On this slide we can observe some of the technological challenges that the system presents. We have a technological cocktail presented to us because of the 10 years history of development of this application. Many teams have worked upon this system during these 10 years. The agile approach which is more feature oriented clearly puts its tole upon this application as we have different modules written in different time period using different technologies. Here the anticorruption layer is making everything work transparently together.We can identify several problematic areas in terms of our future migration to distributed caching:Transaction scope (When we should use transaction, when we should split them in several, when we should not use transactions at all)Locking and potential deadlocking situations.Once we remove the Legacy Cache our Anticorruption layer will stop function, we will be exposed to the underlying technology.Performance, we should be ready that in the distributed cache might apear slower than our legacy cache because the old cache holds the hydrated value of the object.The access to this value is instant. At the same time the distributed cache holds its binary form which needs to be marshaled first. Our old cache at the same time is more prone to overflowing and cache misses so it is quite easy with a good test to demonstrate that actually the old cache is performing poorly under certain conditions.The mixture of the technology stack might present additional challenges. Mixing JPA code and JDBC for example should present a challenge in terms of flushing policy. In order to coexist the Entity Manager needs to be flushed every single time before and SQL query is executed. If you open the JPA specification and and the cache flush mode you may observe that this kind of behavior is default when JPA query is executed so this flushing will not present any performance issues as it is within the framework of the regular behavior. This is just a single example of low level challenges that needs to be solved. There are many others.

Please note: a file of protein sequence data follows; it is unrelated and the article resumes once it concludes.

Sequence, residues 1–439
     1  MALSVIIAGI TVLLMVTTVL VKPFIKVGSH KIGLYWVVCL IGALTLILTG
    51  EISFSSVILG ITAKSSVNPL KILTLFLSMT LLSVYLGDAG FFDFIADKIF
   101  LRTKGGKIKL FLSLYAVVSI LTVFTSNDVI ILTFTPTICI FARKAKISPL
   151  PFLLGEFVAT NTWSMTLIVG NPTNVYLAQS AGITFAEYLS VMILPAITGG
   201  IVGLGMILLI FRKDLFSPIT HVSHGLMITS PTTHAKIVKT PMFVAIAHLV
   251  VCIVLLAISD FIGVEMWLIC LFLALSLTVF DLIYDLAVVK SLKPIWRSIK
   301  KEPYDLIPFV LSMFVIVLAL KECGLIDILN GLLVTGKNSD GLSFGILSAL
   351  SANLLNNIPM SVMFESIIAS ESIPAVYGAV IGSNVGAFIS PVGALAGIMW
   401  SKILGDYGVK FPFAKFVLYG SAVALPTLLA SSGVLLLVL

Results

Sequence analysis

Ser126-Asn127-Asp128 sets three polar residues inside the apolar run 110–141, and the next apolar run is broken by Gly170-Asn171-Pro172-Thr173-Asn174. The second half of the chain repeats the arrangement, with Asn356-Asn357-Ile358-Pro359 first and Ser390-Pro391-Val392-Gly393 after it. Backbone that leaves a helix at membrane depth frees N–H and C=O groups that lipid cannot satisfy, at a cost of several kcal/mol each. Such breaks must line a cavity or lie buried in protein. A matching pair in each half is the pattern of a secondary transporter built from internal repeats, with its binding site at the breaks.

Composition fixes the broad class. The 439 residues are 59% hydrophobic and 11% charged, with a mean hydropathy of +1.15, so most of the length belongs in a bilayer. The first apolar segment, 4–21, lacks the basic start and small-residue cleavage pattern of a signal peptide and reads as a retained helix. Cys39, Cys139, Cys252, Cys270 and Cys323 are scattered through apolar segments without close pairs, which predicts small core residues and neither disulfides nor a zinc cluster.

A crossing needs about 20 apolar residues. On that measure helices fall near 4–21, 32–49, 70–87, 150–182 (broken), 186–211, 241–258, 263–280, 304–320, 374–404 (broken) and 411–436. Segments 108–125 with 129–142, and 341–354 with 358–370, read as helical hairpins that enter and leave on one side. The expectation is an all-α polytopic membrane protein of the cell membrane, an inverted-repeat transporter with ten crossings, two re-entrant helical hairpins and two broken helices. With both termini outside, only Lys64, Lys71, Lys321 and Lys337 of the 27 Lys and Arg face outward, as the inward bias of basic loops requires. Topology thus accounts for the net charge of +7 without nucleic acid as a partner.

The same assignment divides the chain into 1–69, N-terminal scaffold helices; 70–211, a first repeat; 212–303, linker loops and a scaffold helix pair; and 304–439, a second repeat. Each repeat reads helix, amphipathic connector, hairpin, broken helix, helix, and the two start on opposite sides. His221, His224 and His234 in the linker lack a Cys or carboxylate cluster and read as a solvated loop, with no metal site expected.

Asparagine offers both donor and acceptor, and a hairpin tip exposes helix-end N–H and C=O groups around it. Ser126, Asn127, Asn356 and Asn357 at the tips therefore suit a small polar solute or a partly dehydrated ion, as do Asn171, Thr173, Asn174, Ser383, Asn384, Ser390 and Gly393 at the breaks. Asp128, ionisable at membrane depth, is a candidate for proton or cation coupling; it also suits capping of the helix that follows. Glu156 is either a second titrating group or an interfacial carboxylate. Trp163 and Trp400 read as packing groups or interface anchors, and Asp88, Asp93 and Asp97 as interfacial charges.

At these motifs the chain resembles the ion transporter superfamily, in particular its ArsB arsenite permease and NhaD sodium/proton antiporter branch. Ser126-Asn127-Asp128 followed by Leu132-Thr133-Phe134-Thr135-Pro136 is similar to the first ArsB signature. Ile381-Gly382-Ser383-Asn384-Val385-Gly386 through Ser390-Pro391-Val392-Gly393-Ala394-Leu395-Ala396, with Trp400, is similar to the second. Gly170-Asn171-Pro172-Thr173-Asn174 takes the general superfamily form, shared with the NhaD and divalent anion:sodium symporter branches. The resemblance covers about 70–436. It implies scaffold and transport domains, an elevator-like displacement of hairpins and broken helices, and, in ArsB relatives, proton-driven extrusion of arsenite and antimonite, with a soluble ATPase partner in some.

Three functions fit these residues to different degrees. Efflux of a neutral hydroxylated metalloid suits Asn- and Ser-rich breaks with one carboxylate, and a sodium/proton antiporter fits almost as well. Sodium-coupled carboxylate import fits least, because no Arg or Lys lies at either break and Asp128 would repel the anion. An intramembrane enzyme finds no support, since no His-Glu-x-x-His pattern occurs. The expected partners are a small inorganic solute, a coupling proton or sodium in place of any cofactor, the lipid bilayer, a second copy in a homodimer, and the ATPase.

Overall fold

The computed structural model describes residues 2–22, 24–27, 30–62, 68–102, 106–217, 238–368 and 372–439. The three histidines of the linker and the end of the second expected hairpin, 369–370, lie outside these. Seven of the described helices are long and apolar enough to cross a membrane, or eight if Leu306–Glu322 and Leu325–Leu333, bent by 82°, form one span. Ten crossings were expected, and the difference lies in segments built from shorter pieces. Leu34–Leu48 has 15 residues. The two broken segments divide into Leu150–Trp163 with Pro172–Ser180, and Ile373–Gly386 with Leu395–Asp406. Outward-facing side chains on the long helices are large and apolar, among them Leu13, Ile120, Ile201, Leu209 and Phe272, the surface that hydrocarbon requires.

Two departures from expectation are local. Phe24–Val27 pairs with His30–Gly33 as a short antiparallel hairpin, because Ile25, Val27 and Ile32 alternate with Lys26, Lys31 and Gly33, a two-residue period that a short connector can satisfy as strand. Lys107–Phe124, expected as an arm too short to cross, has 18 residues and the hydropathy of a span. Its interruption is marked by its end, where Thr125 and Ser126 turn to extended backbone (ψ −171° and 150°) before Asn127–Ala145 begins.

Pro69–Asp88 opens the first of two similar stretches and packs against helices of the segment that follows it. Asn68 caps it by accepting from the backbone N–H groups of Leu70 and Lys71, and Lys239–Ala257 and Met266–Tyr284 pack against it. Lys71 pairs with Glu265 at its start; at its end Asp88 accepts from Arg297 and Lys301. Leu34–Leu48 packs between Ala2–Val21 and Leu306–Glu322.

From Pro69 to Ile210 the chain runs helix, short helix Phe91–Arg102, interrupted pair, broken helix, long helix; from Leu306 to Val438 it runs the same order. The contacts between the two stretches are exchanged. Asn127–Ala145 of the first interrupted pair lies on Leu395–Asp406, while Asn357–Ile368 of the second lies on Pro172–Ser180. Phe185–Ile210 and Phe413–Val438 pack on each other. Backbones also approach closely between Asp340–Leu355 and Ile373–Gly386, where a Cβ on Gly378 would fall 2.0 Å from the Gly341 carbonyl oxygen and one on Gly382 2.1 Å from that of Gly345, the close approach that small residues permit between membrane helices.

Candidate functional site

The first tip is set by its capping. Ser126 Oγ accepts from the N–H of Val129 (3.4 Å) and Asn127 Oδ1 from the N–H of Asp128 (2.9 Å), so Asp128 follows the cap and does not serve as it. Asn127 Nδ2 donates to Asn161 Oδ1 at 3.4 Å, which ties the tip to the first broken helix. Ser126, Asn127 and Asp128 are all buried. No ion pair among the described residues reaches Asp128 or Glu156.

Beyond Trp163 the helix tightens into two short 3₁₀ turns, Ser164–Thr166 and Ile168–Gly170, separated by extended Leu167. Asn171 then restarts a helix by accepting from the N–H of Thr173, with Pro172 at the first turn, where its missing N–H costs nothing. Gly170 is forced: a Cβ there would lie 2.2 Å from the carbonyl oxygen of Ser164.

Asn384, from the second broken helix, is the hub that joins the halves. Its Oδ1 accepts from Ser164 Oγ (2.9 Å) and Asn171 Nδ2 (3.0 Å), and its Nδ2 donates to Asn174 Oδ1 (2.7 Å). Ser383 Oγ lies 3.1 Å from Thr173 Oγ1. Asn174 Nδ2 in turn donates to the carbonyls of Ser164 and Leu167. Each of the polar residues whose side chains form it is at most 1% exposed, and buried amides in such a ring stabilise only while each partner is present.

Our Legacy cache might have many different interested parties. DTOs coming from EJB 2.1 entity beans(EJB 2.1 are not serialize able). JPA entities custom collections,Non persistent pojoes from different web services and so on….